DETROIT (AP) — Ford Motor Co.’s net income rose 19% in the second quarter as the company pulled together enough computer chips to boost factory output and sales.
The Dearborn, Michigan, automaker said July 27 it made $667 million from April through June, compared with $561 million a year earlier.
The company stuck with its full-year outlook for pretax earnings of $11.5 billion to $12.5 billion and it still expects 10% to 15% growth in vehicle sales to dealers for the full year.
It also boosted its dividend from 10 cents per share to 15 cents per share starting in the third quarter, the level it was before the pandemic.
But Chief Financial Officer John Lawler said the automaker is modeling several scenarios in case the economy slips into a recession. He said Ford is better prepared for a downturn than in the past thanks to lower expenses and a stronger model lineup.
It’s also in the midst of a major transformation of the business that will include white-collar job cuts.
CEO Jim Farley told analysts that the company is too complex and its costs aren’t competitive. It also has too many employees in some areas.
“We have skills that don’t work anymore,” Farley said. “We have jobs that need to change.”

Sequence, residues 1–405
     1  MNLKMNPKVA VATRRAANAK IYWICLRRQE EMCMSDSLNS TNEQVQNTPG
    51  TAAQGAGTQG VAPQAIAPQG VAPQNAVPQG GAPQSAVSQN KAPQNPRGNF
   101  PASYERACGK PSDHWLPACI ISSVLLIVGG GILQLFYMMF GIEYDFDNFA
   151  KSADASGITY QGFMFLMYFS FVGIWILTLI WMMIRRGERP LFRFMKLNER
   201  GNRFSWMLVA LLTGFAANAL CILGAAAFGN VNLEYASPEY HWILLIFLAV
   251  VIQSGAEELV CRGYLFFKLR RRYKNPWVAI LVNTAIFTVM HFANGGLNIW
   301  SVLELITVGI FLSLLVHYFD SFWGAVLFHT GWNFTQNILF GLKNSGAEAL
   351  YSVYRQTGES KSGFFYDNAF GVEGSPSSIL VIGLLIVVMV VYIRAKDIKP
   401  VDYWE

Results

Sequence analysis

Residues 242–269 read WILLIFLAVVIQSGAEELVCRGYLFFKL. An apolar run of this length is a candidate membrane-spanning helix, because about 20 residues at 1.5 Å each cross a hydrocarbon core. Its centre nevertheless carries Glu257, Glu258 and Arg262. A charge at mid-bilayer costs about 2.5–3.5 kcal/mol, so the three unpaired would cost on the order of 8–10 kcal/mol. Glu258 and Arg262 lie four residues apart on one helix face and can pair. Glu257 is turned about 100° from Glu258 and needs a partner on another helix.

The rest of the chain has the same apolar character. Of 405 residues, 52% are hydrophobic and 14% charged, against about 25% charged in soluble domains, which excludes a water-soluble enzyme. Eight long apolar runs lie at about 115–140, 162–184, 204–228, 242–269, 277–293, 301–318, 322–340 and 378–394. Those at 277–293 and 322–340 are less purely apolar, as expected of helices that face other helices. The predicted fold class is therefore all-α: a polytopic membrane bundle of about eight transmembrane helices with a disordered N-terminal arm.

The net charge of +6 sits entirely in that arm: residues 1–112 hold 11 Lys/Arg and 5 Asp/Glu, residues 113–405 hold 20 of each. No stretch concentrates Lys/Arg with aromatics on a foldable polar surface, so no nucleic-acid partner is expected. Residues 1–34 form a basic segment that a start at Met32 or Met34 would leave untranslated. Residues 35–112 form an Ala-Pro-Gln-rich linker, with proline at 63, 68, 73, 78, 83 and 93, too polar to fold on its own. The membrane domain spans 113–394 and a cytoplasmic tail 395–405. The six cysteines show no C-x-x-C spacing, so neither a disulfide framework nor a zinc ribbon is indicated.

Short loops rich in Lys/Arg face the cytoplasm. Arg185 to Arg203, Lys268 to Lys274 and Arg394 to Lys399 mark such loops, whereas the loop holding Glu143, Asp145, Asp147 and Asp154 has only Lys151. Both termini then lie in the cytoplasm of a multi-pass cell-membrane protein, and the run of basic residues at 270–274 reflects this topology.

He said the company has too many versions of its internal-combustion vehicles. It plans to create more models off the same electric vehicle underpinnings, spending capital on areas that affect customers such as software, digital displays and automated driving systems.
Areas that will see cuts will be decided by examinations of work flows, Farley said.
Ford has realigned itself into three business units, one for electric vehicles, another for commercial vehicles and another for internal-combustion vehicles.
Lawler said the company’s factories are still slowed by the global shortage of computer chips, which he expects to improve in the fourth quarter.
“Given the constraints that we have, demand is still higher than we can supply,” he said.
Ford also is experiencing higher raw materials costs and general inflation, which Lawler expects to ease in the second half.
The company is planning for macroeconomic problems, with the next issue being energy shortages in Europe due to Russia limiting natural gas supplies.
Ford, he said, has 550 parts-supply companies in high-risk areas of Europe, with 130 sending parts to North America.